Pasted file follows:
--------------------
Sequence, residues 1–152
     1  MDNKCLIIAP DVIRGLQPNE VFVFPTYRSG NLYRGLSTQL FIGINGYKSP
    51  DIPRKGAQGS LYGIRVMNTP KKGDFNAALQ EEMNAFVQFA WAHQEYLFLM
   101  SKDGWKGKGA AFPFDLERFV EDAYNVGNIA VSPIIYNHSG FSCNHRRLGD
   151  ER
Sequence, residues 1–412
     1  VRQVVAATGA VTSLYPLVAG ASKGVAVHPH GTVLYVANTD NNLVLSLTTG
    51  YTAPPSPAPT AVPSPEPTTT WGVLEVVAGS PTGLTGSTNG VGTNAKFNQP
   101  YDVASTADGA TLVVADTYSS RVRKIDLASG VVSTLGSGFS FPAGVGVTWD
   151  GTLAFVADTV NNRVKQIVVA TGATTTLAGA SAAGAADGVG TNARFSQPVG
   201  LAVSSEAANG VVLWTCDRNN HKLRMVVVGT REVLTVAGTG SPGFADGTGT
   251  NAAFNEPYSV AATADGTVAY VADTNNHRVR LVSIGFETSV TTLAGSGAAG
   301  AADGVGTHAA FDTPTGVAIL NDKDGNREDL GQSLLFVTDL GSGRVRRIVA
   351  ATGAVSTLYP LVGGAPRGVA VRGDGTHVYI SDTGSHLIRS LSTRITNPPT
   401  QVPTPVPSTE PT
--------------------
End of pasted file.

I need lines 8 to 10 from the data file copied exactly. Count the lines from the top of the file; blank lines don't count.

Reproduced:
    51  YTAPPSPAPT AVPSPEPTTT WGVLEVVAGS PTGLTGSTNG VGTNAKFNQP
   101  YDVASTADGA TLVVADTYSS RVRKIDLASG VVSTLGSGFS FPAGVGVTWD
   151  GTLAFVADTV NNRVKQIVVA TGATTTLAGA SAAGAADGVG TNARFSQPVG